Happy New Year, Tumblr friends! 2014 was an awesome year, and…

Happy New Year, Tumblr friends! 2014 was an awesome year, and...

Happy New Year, Tumblr friends! 2014 was an awesome year, and...

Happy New Year, Tumblr friends! 2014 was an awesome year, and...

Happy New Year, Tumblr friends! 2014 was an awesome year, and...

Happy New Year, Tumblr friends! 2014 was an awesome year, and...

Happy New Year, Tumblr friends! 2014 was an awesome year, and...

Happy New Year, Tumblr friends! 2014 was an awesome year, and...

Happy New Year, Tumblr friends! 2014 was an awesome year, and I’m looking forward to sharing new work in 2015. But for now, I wanted to look back on a recent assignment and share an account of its creation with you. 

Other than the occasional Instagram or tweet of a near-completed piece, I don’t often share much about my process. I think it would be nice to start sharing more about how I make pieces, especially ones where I learn something new or approach an idea in a way I may not have before.

For the Newsweek cover I worked on with Robert Priest & Grace Lee, I had a finite idea to work with: do an illustration of the three bullets mentioned in the cover story’s investigation of the assassination of JFK. I was prompted to place emphasis on the shadows created by the bullets in a strongly lit environment, and to convey a sense of drama and menace in the illustration with limited visual elements.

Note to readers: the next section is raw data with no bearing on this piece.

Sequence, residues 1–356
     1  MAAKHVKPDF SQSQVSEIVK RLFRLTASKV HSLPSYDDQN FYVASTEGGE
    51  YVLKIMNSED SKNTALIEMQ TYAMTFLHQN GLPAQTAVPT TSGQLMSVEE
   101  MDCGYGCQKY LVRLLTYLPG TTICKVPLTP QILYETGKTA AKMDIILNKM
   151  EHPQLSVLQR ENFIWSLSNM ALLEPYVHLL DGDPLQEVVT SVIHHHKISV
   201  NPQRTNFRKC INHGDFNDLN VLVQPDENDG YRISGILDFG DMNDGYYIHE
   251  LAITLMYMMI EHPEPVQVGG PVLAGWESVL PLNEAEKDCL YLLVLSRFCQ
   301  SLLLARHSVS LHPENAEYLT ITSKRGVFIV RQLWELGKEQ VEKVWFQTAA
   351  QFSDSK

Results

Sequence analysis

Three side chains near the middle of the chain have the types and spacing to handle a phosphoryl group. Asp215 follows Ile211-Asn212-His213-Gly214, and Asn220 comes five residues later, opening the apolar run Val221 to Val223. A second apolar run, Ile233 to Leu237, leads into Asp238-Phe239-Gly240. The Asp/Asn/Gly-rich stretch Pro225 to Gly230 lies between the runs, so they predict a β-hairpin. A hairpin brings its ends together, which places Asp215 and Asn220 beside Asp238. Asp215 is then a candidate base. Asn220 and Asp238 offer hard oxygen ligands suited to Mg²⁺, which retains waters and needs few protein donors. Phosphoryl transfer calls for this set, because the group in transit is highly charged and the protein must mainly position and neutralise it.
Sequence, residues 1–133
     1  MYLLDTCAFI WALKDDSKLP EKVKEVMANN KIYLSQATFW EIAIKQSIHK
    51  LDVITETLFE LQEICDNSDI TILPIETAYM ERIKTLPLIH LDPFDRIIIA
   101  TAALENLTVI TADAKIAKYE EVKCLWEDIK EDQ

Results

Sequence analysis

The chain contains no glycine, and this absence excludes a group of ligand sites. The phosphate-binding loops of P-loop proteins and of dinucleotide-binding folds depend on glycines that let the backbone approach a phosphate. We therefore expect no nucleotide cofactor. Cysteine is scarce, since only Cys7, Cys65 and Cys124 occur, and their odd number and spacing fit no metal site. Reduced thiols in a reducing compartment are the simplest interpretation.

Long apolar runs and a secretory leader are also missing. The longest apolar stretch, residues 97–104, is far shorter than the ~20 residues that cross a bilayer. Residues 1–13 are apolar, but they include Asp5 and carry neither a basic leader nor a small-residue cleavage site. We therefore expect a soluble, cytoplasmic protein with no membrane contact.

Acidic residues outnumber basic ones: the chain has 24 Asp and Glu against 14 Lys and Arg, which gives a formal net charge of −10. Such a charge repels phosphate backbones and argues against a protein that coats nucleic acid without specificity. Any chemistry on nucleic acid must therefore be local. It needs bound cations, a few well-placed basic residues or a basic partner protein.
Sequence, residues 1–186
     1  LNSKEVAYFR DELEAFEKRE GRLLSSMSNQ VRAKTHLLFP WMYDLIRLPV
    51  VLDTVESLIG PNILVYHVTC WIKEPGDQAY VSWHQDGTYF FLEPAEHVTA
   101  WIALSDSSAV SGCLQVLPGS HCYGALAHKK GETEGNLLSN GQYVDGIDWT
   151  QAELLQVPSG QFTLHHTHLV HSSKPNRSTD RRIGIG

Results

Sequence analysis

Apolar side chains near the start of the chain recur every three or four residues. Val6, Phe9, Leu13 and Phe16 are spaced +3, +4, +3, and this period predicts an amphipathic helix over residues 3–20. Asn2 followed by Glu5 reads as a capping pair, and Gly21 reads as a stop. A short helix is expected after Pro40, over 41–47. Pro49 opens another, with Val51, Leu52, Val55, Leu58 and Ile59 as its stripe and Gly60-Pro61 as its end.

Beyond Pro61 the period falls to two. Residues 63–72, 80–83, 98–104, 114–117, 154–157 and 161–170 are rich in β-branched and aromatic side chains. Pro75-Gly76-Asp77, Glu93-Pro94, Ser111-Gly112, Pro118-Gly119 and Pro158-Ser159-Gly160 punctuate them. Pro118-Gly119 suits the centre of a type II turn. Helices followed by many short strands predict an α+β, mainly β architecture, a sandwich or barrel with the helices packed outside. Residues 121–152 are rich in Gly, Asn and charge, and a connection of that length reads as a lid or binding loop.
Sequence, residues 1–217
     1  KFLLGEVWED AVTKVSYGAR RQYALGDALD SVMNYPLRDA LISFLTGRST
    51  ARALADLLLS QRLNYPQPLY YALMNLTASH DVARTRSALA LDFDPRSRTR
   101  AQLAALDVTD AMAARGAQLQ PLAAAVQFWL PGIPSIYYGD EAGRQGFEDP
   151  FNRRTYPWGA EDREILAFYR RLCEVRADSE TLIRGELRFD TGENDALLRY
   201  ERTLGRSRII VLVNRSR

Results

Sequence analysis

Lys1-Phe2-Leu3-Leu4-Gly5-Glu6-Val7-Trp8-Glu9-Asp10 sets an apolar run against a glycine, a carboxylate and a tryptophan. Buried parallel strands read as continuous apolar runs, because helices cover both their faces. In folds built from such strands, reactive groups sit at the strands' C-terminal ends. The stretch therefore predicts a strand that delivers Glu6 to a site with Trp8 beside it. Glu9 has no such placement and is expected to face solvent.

I was excited to play with the direction of the bullets shadows and to make the cover of the magazine a surface. I wanted to push this further and attempt a trompe l’œil effect, where the bullets would rest over the text as well, and feel as if they were sitting on top of the magazine.

I also wanted the surface of the illustration to seem a like dirty concrete floor. To create this appearance, I took a piece of watercolor paper to my backyard, rubbed dirt and rocks around it, and stomped the dirt into the paper. I dragged the paper along the concrete with my shoes to tear into it, and add as much texture as possible. A photograph of the finished texture is above.

I created fake bullets out of pen caps and metal sheaths I found at the hardware store. I lit them over the textured paper, and referenced them in both my sketches and in the final. I sent four or five sketches to Robert and Grace, each in different mediums and with varying degrees of texture, contrast, and detail. The final would become a middle ground of the two different sketches above.

The final was painted in sumi ink washes, with details and line done with pen. After scanning the painting in, I added the color and texture in Photoshop, and sent the final on its way.

I love working on assignments like these, where I’m asked to do something new, or something completely different than the work in my portfolio. It’s refreshing, and it keeps me on my toes! It was also such a collaborative piece as well, and it was great getting to work closely with Robert and Grace on it.

See full post here: MICHAEL HOEWELER2015-01-05.